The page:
Before the intervention, no rapid diagnostic technology was used or antimicrobial stewardship intervention was undertaken, except for the use of peptide nucleic acid fluorescent in situ hybridization and MRSA agar to identify staphylococcal isolates. After the intervention, all Gram-positive blood cultures underwent BC-GP microarray and the antimicrobial stewardship intervention consisting of real-time notification and pharmacist review.
In total, 513 patients with bacteremia were included in this study: 280 patients with S. aureus, 150 patients with enterococci, 82 patients with stretococci, and 1 patient with L. monocytogenes. The number of antimicrobial switches was similar in the pre–BC-GP (52%; 155 of 300) and post–BC-GP (50%; 107 of 213) periods. The time to antimicrobial switch was significantly shorter in the post–BC-GP group than in the pre–BC-GP group: 48±41 hours versus 75±46 hours, respectively (P<.001). The most common antimicrobial switch was de-escalation and time to de-escalation, was significantly shorter in the post-BC-GP group than in the pre–BC-GP group: 53±41 hours versus 82±48 hours, respectively (P<.001). There was no difference in mortality or hospital length of stay as a result of the intervention.
The combination of a rapid microarray diagnostic test with an antimicrobial stewardship intervention improved time to antimicrobial switch, especially time to de-escalation to optimal therapy, in patients with Gram-positive blood cultures.
This paper briefly describes the principle of operation and science goals of the AMANDA high energy neutrino telescope located at the South Pole, Antarctica. Results from an earlier phase of the telescope, called AMANDA-BIO, demonstrate both reliable operation and the broad astrophysical reach of this device, which includes searches for a variety of sources of ultrahigh energy neutrinos: generic point sources, Gamma-Ray Bursts and diffuse sources. The predicted sensitivity and angular resolution of the telescope were confirmed by studies of atmospheric muon and neutrino backgrounds. We also report on the status of the analysis from AMANDA-II, a larger version with far greater capabilities. At this stage of analysis, details of the ice properties and other systematic uncertainties of the AMANDA-II telescope are under study, but we have made progress toward critical science objectives. In particular, we present the first preliminary flux limits from AMANDA-II on the search for continuous emission from astrophysical point sources, and report on the search for correlated neutrino emission from Gamma Ray Bursts detected by BATSE before decommissioning in May 2000. During the next two years, we expect to exploit the full potential of AMANDA-II with the installation of a new data acquisition system that records full waveforms from the in-ice optical sensors.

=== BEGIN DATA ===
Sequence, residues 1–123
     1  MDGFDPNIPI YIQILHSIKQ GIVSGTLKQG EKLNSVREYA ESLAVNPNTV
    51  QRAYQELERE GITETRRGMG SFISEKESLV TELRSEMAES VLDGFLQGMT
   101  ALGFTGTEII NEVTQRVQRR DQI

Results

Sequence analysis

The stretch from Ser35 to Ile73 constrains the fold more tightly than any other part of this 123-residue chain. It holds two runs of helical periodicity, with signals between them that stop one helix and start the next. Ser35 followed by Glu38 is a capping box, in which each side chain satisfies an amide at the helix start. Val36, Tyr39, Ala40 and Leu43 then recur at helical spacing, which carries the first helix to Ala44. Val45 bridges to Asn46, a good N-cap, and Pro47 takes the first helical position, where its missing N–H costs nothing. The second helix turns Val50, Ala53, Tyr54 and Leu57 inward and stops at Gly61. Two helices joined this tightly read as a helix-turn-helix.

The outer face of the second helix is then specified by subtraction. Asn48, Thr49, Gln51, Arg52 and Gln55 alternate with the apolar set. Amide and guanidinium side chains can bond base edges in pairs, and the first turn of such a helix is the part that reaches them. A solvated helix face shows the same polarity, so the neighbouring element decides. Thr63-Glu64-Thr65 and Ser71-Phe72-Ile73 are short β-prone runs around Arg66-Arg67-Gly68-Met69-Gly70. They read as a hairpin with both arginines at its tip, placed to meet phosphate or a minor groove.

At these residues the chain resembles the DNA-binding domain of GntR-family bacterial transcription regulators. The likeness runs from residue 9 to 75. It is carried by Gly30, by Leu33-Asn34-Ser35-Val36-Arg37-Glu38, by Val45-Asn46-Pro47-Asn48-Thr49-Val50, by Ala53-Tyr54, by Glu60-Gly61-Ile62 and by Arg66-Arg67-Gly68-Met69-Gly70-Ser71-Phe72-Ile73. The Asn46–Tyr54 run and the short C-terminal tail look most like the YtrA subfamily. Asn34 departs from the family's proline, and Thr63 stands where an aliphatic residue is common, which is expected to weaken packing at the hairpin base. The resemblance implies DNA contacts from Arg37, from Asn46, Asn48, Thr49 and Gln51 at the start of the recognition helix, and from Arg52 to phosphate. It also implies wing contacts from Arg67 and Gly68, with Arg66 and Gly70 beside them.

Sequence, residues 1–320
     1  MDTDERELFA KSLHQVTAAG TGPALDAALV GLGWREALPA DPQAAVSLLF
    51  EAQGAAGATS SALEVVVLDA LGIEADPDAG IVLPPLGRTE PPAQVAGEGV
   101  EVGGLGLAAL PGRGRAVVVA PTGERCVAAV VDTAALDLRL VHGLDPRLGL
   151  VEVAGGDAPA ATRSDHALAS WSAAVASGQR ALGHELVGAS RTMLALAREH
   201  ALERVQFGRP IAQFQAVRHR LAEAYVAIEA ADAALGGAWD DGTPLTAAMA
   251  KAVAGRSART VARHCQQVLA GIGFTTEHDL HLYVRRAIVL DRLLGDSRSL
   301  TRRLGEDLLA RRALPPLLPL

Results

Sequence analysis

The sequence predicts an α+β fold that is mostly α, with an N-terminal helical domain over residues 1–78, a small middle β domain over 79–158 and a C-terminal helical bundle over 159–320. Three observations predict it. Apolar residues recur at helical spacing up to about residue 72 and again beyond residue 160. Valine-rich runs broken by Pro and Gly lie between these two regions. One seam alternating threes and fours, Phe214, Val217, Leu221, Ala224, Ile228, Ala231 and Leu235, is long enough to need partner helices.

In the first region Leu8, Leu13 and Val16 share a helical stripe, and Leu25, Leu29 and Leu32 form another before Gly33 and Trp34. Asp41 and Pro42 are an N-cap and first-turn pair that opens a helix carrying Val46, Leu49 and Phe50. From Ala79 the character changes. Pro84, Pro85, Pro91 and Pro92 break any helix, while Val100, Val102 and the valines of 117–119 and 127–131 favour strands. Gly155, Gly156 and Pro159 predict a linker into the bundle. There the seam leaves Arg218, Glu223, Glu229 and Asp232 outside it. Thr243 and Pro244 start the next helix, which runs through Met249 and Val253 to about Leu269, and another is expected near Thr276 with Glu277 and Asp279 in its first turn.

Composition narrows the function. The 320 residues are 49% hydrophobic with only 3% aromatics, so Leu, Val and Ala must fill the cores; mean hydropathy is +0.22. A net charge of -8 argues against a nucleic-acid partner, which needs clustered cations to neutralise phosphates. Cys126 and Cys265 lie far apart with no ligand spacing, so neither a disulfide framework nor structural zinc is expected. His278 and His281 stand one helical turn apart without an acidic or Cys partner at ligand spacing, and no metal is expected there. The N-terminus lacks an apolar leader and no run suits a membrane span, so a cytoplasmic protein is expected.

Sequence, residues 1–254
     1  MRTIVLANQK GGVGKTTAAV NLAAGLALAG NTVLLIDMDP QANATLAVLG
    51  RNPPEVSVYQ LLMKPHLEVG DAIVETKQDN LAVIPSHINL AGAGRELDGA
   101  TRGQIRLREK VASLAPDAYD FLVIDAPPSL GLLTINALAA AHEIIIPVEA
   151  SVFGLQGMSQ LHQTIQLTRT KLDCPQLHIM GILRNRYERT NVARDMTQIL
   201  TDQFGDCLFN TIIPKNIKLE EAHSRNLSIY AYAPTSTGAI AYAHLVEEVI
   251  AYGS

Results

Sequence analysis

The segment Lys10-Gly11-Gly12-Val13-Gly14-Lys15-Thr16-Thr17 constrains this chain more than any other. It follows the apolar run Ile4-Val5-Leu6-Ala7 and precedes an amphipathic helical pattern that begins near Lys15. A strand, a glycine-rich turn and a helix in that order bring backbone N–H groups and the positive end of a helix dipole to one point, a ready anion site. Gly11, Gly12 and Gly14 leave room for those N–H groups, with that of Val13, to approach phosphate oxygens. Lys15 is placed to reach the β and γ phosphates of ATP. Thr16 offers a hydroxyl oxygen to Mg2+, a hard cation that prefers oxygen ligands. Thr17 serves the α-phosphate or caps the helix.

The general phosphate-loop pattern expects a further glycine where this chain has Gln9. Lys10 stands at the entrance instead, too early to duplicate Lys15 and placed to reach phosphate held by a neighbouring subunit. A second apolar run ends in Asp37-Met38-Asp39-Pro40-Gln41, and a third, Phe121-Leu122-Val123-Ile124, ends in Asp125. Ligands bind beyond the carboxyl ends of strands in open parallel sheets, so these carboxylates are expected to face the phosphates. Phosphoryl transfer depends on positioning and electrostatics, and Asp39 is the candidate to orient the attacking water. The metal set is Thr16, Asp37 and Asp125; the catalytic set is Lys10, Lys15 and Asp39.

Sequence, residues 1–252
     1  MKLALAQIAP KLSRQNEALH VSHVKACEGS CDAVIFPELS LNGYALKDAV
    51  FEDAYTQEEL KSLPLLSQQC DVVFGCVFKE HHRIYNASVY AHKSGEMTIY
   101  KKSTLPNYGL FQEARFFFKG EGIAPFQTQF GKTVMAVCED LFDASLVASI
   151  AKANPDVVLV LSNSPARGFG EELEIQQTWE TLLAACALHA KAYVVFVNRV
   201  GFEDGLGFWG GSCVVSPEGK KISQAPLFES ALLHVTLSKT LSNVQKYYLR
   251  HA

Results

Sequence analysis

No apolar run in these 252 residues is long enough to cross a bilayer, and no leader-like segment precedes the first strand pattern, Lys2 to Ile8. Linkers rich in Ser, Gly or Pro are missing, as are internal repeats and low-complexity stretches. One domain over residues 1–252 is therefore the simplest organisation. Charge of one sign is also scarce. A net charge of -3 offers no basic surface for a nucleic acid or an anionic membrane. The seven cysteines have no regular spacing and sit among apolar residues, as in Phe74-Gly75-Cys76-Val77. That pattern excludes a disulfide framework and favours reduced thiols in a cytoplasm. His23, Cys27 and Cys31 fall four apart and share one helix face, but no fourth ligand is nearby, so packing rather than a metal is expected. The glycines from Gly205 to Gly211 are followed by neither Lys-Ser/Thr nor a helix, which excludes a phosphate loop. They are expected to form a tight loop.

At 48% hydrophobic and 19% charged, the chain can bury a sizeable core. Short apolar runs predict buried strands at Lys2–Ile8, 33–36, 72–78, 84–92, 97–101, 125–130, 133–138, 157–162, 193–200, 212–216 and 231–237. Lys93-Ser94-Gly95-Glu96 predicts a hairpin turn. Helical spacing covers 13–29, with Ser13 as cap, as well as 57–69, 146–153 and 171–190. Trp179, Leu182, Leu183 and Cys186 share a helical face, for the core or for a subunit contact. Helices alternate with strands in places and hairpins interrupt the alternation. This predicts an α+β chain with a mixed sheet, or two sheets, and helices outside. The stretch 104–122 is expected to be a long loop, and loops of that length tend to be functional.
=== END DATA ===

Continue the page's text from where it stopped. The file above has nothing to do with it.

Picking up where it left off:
We present preliminary results of an optical survey of a spectroscopically selected sample of nearby AGNs (z < 0.1). The aim of the program that we are currently carrying out is to demonstrate that the activity phenomenon is strongly related to galaxy interactions. In detail, we want to study the morphology of our sample of galaxies in order to reveal the presence of features like bars, rings, double nuclei, isophotal distortions and tidal tails, most of which are not detectable on the POSS plates. The work is based on the analysis of broad band B, V and R images, the study of their photometric parameters and the results of the application of a Laplacian adaptive filter, able to enhance hidden and faint structures.
Two long time series of polar motion were analysed with respect to a linear drift, decadal variations, Chandler wobble and annual wobble: the C01 series published by the International Earth Rotation Service (IERS) and the pole series which J. Vondrák, obtained by re-analysis of the classical astronomical observations using the HIPPARCOS reference frame (1899.7–1992.0). By a least-squares fit the linear drift of the pole, usually called ‘secular polar motion,’ was determined to 3.31 milliarcseconds/year (mas/yr) toward 76.1° West longitude. For this fit the a priori correlations within each pair of pole coordinates were taken into account, and the weighting function was calculated by estimation of empirical variance components. The decadal variations of the pole path were determined by Fourier analysis. Using a sliding window analysis, the variability of the periods, the amplitudes and the phases of the Chandler wobble and annual wobble was investigated. The variances of the results and the number of iterations needed to get a convergence in the nonlinear approach show that the new time series by Vondrák is more homogeneous and consistent than the IERS C01 series.
Various transmission routes contribute to spread of carbapenem-resistant Klebsiella pneumoniae (CRKP) in hospitalized patients. Patients with readmissions during which CRKP is again isolated (“CRKP readmission”) potentially contribute to transmission of CRKP.